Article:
Where a known compound in an invention is claimed to treat a disease (second medical use patents), must the patent prove that a compound cures the disease? If evidence is required at all, what evidence should the patent provide? This is known as plausibility. Novelty and inventive step are the requirements that are usually decisive for determining the patentability of an invention, yet sometimes the crux of the matter is found further upstream.
Patents cannot be granted for technical solutions that provide no technical contribution to the state of the art. While this is well known, its legal basis is not straightforward. Plausibility as such is not a requirement for patentability. Plausibility of second medical use inventions is also a hotly debated topic in jurisdictions outside Italy (eg, Warner-Lambert v Actavis (the so-called Lyrica case)). While only a few precedents are available in Italy, the issue is becoming increasingly more common in patent proceedings.
Plausibility is a known issue for the patentability of second medical use inventions at the European Patent Office (EPO). According to EPO Board of Appeals case law, an invention that is not plausible may either lack inventive step or be invalid due to insufficient disclosure. The leading case in this regard at the EPO level is AgrEvo, in which the board found that lack of plausibility of an invention may eventually result in a lack of technical contribution and therefore of inventive step. The EPO has also held that the lack of plausibility of an invention may be amenable to insufficient disclosure. In Warner-Lambert v Actavis, the UK Supreme Court noted that data from clinical trials may not be required at all. Accordingly, plausibility may be demonstrated using theoretical reasoning.
Few Italian precedents have considered the plausibility of a second medical use invention as a potential requirement for patent validity and a couple of earlier decisions do not provide satisfactory answers. In one of these precedents, a Turin court held that the plausibility of technical effect is not a requirement for patent validity; however, this was nothing more than a passing consideration in the overall reasoning. In another case, a Milan court found that technical effect must be supported by experimental data; however, that conclusion was based on the assessment of the court-appointed expert and the facts of that case. In any event, the Milan court did not state that the patent must contain data from clinical trials as would be required for the authorisation of a medicinal product.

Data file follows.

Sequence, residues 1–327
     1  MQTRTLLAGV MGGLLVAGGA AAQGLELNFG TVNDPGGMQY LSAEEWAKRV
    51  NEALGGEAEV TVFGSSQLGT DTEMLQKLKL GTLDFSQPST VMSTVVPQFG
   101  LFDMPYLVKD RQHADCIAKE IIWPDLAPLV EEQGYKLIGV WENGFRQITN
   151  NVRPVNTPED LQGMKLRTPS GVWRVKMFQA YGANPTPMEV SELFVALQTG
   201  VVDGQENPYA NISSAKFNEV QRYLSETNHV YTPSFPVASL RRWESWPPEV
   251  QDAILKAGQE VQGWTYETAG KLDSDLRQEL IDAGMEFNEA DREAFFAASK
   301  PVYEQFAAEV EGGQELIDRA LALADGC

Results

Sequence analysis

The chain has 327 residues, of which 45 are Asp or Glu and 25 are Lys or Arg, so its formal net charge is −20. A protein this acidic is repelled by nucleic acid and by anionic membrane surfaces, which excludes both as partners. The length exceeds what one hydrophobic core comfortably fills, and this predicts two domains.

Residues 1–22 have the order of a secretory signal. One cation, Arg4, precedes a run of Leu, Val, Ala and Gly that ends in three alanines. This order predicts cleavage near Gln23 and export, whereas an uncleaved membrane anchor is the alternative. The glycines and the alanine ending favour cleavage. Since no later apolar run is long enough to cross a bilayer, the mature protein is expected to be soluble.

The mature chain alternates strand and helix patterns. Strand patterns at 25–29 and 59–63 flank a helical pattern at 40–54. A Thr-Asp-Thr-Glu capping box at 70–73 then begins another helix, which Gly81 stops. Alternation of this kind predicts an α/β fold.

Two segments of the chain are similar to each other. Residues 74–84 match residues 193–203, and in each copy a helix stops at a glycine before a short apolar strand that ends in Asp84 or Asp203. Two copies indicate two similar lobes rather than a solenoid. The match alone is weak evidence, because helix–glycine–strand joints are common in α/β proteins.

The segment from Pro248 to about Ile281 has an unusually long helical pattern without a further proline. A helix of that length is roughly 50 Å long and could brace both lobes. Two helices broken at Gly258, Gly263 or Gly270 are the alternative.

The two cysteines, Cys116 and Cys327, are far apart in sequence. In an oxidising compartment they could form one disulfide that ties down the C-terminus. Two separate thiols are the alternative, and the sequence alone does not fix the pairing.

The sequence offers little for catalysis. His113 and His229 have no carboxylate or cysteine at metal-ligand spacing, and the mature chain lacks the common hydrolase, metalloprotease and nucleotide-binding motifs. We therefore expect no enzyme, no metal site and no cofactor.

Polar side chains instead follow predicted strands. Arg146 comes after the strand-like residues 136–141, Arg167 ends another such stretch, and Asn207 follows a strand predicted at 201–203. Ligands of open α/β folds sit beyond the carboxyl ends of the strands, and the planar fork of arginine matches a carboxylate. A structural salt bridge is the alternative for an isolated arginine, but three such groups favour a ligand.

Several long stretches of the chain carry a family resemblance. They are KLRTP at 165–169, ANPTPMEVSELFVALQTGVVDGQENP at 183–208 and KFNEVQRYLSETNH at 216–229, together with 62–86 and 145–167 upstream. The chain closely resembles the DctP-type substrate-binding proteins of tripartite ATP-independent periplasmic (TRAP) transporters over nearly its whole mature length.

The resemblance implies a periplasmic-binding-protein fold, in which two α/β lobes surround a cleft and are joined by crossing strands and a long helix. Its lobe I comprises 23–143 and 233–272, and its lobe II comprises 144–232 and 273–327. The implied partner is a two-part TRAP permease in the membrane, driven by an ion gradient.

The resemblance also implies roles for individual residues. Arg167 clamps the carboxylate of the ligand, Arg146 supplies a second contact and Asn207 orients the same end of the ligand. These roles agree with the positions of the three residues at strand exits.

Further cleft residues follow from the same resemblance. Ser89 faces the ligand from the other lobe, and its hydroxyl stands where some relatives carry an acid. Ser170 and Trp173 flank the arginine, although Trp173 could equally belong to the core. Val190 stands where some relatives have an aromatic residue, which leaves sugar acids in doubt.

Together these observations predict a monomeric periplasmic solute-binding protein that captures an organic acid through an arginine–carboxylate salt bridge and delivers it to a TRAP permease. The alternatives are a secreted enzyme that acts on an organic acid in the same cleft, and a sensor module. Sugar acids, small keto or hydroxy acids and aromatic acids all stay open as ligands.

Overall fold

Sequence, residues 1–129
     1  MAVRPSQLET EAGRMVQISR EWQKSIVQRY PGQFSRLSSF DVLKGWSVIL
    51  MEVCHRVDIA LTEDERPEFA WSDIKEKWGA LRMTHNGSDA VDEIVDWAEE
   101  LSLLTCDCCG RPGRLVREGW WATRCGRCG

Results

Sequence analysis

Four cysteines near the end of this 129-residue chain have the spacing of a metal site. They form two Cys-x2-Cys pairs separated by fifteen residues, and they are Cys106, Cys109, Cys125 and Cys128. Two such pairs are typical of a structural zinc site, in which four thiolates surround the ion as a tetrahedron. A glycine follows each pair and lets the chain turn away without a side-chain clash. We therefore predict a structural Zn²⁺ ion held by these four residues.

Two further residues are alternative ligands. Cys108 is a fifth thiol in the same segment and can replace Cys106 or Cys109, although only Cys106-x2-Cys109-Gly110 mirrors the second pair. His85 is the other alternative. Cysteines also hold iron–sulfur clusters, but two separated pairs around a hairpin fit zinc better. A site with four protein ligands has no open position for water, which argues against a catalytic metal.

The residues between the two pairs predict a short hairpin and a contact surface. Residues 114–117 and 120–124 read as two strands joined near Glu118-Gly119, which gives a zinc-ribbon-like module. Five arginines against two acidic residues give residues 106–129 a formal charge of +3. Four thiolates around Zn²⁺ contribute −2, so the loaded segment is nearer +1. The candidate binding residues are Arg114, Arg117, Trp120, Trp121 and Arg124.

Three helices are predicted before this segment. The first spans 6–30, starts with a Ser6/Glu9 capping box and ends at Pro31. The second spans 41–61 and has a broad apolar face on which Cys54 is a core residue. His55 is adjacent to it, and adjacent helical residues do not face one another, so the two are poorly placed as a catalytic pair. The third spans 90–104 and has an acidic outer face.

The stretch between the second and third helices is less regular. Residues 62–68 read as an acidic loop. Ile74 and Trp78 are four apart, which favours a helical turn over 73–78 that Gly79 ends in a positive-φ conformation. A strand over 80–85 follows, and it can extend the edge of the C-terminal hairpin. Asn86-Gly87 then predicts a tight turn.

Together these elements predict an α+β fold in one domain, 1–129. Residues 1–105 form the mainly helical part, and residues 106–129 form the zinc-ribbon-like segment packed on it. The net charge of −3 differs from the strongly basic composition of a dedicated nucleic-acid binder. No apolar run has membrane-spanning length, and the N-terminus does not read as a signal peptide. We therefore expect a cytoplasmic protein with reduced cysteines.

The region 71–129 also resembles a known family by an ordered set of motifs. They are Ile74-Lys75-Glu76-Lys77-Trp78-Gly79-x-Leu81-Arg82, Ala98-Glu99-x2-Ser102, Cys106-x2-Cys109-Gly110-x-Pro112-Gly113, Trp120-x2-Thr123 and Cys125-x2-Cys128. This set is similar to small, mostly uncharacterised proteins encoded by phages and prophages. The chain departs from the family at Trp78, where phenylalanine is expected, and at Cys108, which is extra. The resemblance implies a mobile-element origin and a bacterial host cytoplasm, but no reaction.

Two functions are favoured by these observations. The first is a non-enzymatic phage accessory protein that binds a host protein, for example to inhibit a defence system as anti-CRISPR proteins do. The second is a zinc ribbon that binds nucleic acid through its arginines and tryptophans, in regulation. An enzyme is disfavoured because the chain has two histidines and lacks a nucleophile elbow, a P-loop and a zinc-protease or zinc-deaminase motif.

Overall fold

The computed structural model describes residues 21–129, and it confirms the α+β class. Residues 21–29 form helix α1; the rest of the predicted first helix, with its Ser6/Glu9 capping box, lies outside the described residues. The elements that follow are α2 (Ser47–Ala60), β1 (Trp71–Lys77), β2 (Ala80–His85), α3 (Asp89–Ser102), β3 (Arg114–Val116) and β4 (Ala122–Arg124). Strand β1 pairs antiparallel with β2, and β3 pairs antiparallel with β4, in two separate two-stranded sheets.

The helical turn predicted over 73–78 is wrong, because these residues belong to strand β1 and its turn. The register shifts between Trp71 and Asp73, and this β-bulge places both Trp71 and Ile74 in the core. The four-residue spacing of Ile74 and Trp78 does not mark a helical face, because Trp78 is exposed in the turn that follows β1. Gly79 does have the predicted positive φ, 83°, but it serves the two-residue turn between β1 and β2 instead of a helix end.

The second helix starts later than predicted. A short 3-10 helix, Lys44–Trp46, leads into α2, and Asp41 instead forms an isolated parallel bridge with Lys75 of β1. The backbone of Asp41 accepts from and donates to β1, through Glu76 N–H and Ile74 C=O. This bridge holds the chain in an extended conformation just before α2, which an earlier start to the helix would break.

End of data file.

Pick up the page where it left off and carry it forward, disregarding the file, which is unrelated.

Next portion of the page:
However, Actavis v AstraZeneca could become the leading authority on plausibility in Italy. In this recent case, the court considered the plausibility of an invention that covered a formulation and method of administration of the active ingredient fulvestrant for use in the treatment of breast cancer by intramuscular administration. The patent claimed a therapeutically effective release had been obtained over a prolonged period.
Actavis argued that the patent was invalid due to lack of a sufficient description, as it contained no experimental data that supported the therapeutic efficacy. The court rejected this objection and observed that what is relevant, in principle, to assess the sufficiency of a description is whether a patent contains sufficient information for a skilled person to put the invention into practice.
The court noted that:
In general, to the purpose of the assessment of the sufficiency of the disclosure what matters is the evaluation of whether the conditions are met for the skilled [person] to be able to put the invention into practice. The inclusion of examples in the patent specification is not mandatory nor is it a requirement for the sufficiency of the disclosure the completion of a clinical trial at the date of the filing, as it is possible to rely on subsequent trials (decision T 433/05), provided that the effect was plausible at the date of filing.
The decision in Actavis v AstraZeneca has been welcomed by innovators as it clearly states for the first time and as a matter of principle that the plausibility of an invention does not need the support of experimental data; rather, credible information based on a sound scientific and technical rationale is sufficient. Contrary to its earlier fact-specific precedent, the court addressed the issue as a matter of law having reviewed EPO case law. The court also accepted that applicants may file later evidence to support a technical effect.
Other Italian IP courts are expected to apply this judgment, as it was rendered by a highly qualified panel of judges and one of the most reputed Italian courts in this area. The decision shows that the lack of plausibility of an invention could be challenged before an Italian court as a ground of invalidity for insufficient disclosure. Yet the patent need not contain clinical data to overcome the objection. In some instances, the information on the compound and/or the disease may be more than enough for a skilled person to understand that a therapy is effective as claimed.
This is good news for innovators, especially as the complexity of new products has increased the gap between the discovery of new compounds and the full understanding of their properties. Second medical use patents may be the first opportunity for inventors to take real advantage of innovations.
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